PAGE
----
Responsible training aims to align the language model with the specific downstream task while following ethical principles and upholding human values. At the end of this step, the model is fully developed according to the functional requirements.
The weights of the pre-trained LM may be updated by different methods, including fine-tuning the foundation model, reinforcement learning from human feedback (Ouyang et al., Stiennon et al., Bai et al.), or fine-tuning with distillation (Hsieh et al.). If updating the weights of the pre-trained LM is not desirable, due, for example, to the scarcity of task-specific examples, or even impossible, in the case of a closed-source pre-trained LM, the suitable task demonstrations for in-context learning are defined. The task demonstrations will be included in the few-shot prompts generated at inference time (step 7).
6. Model Evaluation
Evaluation judges the trained LM’s performance both with and without human involvement. Typical tests involving humans are manually written test cases, manual evaluation of selected model outputs, or structured system testing. Evaluations not requiring human interaction are intrinsic and extrinsic performance metrics that can be measured with an adequate dataset.
For high-risk applications, internal or external red teams that focus on stress testing and risk analysis of the model can be set up. Unlike the traditional machine learning approach to model evaluation, which usually consists of measuring the accuracy on a hold-out set of examples, the Daiki process tests AI systems in a way that is more similar to how software engineers test software: by identifying and focusing on the cases where the system fails.
7. Responsible Deployment
Responsible deployment ensures that the system reliably delivers high-quality outputs to the users. The output quality is measured not only in terms of their accuracy but also of their relevancy and harmlessness.
A common practice for ensuring the quality of the outputs consists of setting up content-moderation filters. Content moderation may also be applied to decide which users’ queries can engage with the LM. Query filtering should also mitigate the possibility of harmful responses, enhancing the safety and harmlessness of the outputs given to users. The quality controls and the safety measures implemented in the content filters depend on the downstream task and the harm it could cause.
Finally, the AI system should be subject to continuous monitoring and regular auditing to ensure it is not drifting away from the original requirements. In addition to the automatic control of the deployed system, the Daiki process establishes procedures to enable human oversight, both from the end users who are given the possibility to raise potential safety issues and from designated members of the organization deploying the AI system.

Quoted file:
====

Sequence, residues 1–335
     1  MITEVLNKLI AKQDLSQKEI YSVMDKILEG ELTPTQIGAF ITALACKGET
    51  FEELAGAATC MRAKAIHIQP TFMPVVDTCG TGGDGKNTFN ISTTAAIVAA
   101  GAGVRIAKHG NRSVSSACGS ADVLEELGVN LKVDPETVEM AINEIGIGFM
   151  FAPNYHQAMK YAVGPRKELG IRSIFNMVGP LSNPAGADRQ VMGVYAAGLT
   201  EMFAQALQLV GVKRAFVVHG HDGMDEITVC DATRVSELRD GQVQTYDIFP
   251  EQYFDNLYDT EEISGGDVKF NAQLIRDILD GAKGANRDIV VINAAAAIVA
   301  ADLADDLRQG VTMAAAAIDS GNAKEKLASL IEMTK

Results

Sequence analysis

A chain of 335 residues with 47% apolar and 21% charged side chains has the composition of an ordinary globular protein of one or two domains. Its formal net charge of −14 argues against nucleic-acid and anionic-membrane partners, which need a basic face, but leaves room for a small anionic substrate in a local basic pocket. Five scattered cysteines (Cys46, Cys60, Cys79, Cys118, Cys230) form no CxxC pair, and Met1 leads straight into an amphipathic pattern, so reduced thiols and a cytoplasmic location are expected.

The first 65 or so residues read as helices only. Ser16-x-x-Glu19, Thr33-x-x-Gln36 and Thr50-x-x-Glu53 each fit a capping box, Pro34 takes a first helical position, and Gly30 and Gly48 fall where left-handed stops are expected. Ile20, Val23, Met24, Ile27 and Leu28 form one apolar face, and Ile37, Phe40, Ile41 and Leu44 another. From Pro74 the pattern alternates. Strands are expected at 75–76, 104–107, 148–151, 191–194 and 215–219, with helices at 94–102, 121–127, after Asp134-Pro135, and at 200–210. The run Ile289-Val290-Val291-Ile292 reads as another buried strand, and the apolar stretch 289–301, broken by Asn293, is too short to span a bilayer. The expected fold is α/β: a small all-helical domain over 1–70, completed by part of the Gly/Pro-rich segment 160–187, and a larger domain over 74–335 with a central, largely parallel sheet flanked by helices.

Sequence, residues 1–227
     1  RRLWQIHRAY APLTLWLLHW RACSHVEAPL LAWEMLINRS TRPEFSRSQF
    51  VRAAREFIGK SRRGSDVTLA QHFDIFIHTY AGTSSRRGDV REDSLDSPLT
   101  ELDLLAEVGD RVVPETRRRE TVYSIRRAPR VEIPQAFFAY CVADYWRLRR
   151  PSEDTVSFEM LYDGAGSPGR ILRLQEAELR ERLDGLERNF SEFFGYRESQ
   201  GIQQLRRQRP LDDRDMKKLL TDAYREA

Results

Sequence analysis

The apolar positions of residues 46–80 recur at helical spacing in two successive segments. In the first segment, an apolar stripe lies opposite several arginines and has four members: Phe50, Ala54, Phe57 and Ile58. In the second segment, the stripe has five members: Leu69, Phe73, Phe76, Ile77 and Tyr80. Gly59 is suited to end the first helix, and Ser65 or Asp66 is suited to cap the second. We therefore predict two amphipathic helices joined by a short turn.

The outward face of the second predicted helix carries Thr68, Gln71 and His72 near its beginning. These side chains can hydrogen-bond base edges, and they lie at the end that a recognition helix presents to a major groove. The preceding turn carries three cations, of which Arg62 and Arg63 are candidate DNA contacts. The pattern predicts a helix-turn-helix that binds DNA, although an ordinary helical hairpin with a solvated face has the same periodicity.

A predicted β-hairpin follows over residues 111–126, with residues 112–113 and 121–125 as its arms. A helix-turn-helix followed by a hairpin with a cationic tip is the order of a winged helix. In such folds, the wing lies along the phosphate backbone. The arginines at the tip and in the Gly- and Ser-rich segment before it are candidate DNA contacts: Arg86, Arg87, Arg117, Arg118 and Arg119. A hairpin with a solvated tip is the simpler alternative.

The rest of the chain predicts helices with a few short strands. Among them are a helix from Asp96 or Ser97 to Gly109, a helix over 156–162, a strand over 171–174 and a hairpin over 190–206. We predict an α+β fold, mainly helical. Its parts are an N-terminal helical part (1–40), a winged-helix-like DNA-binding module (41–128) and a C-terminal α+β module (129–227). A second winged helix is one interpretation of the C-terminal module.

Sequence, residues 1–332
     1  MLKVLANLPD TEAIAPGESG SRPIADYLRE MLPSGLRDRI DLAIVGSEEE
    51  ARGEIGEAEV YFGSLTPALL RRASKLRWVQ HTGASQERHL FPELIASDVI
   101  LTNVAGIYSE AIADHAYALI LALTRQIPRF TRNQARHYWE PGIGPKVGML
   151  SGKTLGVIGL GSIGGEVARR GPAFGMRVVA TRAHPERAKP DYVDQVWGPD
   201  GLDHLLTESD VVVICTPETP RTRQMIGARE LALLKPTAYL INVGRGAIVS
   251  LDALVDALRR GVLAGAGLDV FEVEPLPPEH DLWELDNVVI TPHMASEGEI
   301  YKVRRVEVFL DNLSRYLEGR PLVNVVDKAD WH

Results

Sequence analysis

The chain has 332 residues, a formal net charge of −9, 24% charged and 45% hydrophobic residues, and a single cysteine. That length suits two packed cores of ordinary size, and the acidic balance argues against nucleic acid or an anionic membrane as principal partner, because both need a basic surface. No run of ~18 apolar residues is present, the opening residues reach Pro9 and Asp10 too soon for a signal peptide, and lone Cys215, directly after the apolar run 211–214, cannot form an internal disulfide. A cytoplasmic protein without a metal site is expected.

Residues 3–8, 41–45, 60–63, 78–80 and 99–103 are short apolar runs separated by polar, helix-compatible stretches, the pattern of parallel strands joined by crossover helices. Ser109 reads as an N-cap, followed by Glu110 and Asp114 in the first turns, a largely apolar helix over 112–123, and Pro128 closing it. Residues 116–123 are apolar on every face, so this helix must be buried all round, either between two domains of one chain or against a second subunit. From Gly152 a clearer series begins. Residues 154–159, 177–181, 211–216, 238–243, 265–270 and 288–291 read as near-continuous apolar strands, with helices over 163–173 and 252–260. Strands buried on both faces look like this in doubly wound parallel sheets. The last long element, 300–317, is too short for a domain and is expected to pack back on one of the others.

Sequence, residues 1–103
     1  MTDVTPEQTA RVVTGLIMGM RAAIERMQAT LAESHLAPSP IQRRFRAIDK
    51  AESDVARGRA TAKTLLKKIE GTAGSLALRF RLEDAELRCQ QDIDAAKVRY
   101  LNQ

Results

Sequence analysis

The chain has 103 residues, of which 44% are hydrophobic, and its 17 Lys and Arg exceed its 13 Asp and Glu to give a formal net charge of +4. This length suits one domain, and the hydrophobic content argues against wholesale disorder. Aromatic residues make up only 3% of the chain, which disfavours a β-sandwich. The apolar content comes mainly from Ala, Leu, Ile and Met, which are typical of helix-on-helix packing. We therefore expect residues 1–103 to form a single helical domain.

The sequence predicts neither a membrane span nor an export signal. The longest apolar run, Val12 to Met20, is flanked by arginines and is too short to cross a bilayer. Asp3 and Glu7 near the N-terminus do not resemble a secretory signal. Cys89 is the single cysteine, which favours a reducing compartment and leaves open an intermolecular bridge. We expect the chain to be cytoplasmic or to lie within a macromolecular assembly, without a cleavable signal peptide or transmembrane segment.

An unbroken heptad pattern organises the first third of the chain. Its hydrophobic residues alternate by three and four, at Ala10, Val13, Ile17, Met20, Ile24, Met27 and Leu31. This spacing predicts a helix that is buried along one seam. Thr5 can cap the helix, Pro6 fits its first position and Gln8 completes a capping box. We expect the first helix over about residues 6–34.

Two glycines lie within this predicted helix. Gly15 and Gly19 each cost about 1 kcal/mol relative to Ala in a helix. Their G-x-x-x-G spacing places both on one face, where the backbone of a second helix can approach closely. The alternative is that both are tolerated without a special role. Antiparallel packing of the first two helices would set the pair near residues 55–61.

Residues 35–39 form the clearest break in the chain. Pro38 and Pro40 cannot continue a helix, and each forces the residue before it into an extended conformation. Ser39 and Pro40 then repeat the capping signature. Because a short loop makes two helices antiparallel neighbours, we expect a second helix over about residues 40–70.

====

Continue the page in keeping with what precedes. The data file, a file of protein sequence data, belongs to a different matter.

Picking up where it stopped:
Following the seven steps of the Daiki process enhances the reliability, harmlessness, and usefulness of language models’ usage and customization, contributing to a better and safer AI-powered future.
A Closer Look at the Responsible Training of Language Models
This phase typically involves various approaches, including fine-tuning on a domain-specific dataset, Reinforcement Learning from Human Feedback (RLHF) (Bai et al., Ouyang et al., Stiennon et al.), Constitutional AI (Bai et al.), fine-tuning to follow instructions (FLAN) (Chung et al.), prompt engineering or fine-tuning with distillation.
Fine-tuning forms the basis of domain adaptation, while RLHF is the primary method when human feedback for training upholds the moral principles of responsible language modeling. On the other hand, constitutional AI determines model values based on a set of predefined rules, forming the “constitution.”
If, during the design phase, in-context learning has been selected to align the model with the desired downstream task, the prompts are designed, engineered, and optimized during the training phase.
A common practice in modern natural language (NLP) processing is fine-tuning an existing pre-trained language model on a domain-specific dataset. This transfer-learning approach is often also used in computer vision, and it works well in NLP for the same reasons.
The pre-trained model develops a general understanding of the language that is useful in various tasks, and through fine-tuning, the model acquires the specific knowledge necessary for the task at hand. Furthermore, due to the gigantic amount of data and the heavy computing resources needed, training a large LM from scratch is generally impractical for medium-to-small-size organizations. It remains predominantly a privilege of large tech companies or well–funded universities. The large carbon footprint of the training process is also a big pro in favor of transfer-learning approaches.